The head of Credit Suisse’s risk committee is to step down ahead of a threatened shareholder rebellion at the bank’s annual general meeting on Friday.
Andreas Gottschling has become the latest senior figure to depart from the Swiss bank as it reels from the twin crises at Greensill and Archegos Capital.
The lender’s share price has fallen by more than a quarter since March, as billions in losses for Credit Suisse and its clients linked to the two scandals have been unveiled.
Credit Suisse’s board has already removed Lara Warner, chief risk and compliance officer, Brian Chin, the head of its investment bank, and several mid-level risk managers and traders responsible for the losses.
In a short regulatory announcement on Friday, Credit Suisse said Gottschling would not be standing for re-election. The bank declined to comment further.
The collapse of Archegos alone — a family office that borrowed billions from unwary banks to boost its returns — forced Credit Suisse to declare a SFr4.4bn loss last week and instigate an emergency SFr1.7bn capital raising.
In March, the bank froze $10bn in supply chain finance funds linked to the now collapsed lender, Greensill Capital. Total losses from the funds are expected to be about $1.5bn. Clients of the bank are already preparing legal action.
The crises have capped a torrid year for Credit Suisse, following the departure of its former chief executive Tidjane Thiam, who resigned last February in the wake of a corporate spying scandal and a boardroom feud with chair Urs Rohner.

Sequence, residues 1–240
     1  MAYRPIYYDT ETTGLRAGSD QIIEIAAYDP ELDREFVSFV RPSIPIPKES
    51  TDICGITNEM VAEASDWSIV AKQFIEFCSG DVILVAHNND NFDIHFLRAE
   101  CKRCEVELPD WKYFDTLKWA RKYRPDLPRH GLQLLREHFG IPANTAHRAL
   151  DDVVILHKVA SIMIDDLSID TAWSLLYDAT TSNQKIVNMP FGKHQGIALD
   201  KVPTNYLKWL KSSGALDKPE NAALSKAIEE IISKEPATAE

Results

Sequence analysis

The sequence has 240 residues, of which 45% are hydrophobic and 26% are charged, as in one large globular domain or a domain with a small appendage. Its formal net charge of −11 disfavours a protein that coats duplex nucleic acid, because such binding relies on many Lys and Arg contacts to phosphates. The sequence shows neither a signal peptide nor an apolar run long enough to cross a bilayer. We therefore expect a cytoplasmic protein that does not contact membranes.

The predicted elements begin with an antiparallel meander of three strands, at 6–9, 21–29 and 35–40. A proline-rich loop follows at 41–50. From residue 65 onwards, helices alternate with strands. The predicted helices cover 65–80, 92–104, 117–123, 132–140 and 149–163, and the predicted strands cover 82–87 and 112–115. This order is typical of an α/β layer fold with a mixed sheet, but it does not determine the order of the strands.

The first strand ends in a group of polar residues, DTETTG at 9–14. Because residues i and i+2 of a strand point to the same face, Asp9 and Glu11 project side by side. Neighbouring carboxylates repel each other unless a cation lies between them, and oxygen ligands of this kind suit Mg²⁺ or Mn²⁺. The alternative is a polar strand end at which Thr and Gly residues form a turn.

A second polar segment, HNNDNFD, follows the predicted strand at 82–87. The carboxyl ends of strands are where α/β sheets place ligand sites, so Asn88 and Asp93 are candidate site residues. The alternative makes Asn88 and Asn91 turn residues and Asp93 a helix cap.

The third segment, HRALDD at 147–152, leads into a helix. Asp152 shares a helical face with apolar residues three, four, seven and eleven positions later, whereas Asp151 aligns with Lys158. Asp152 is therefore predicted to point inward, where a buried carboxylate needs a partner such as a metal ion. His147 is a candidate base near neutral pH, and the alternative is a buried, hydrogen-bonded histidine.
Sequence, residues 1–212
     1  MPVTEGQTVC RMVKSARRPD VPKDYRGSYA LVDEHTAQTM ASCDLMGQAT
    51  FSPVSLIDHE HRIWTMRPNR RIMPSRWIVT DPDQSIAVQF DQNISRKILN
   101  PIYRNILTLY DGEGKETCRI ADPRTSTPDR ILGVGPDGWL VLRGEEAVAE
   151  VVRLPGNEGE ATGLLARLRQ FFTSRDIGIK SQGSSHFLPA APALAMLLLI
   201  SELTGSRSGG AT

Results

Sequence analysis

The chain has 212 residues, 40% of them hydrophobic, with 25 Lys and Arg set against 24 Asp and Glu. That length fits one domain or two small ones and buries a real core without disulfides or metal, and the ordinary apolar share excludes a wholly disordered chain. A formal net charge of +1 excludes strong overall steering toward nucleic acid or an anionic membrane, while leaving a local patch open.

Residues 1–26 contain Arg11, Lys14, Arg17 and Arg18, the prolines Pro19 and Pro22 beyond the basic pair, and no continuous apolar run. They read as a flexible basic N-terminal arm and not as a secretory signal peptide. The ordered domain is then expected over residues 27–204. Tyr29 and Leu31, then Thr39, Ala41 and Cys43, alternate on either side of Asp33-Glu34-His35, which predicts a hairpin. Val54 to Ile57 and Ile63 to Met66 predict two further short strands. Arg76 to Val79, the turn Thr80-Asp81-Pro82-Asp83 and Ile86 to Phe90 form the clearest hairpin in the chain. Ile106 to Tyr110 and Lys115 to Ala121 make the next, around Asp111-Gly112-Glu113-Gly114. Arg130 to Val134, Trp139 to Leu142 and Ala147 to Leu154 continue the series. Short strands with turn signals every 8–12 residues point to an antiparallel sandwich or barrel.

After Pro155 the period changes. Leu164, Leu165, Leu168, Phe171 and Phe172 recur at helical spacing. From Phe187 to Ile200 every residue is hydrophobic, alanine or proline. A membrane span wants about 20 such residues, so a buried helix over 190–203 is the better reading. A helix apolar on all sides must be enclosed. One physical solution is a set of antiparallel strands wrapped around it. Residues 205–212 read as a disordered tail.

Rohner is due to be replaced at Credit Suisse’s AGM on Friday by António Horta-Osório, the Portuguese banker and former chief executive of the UK’s Lloyds Banking Group.
The Financial Times revealed this week that several of Credit Suisse’s biggest shareholders were preparing to vote against Gottschling’s re-election as a director of the bank.
David Herro, vice-chair of Harris Associates, which owns just over 10 per cent of the bank, told the FT he was surprised Gottschling had not resigned already. Herro has been a vocal critic of the board’s steering of Credit Suisse since Thiam’s departure.
Last week, influential proxy adviser Glass Lewis advised shareholders to vote against Gottschling.
It said the Greensill and Archegos scandals “cast significant doubt on the efficacy of the board’s oversight of the company’s risk and control framework . . . Gottschling holds ultimate accountability”.
Gottschling — a 53-year-old German who has served as chair of the risk committee since 2018, earning a $1m annual fee — is also a director at Deutsche Börse and the former chief risk officer of Erste Bank.
As a director and the head of Credit Suisse’s risk committee, he was closely involved in the handling of the Archegos and Greensill crises.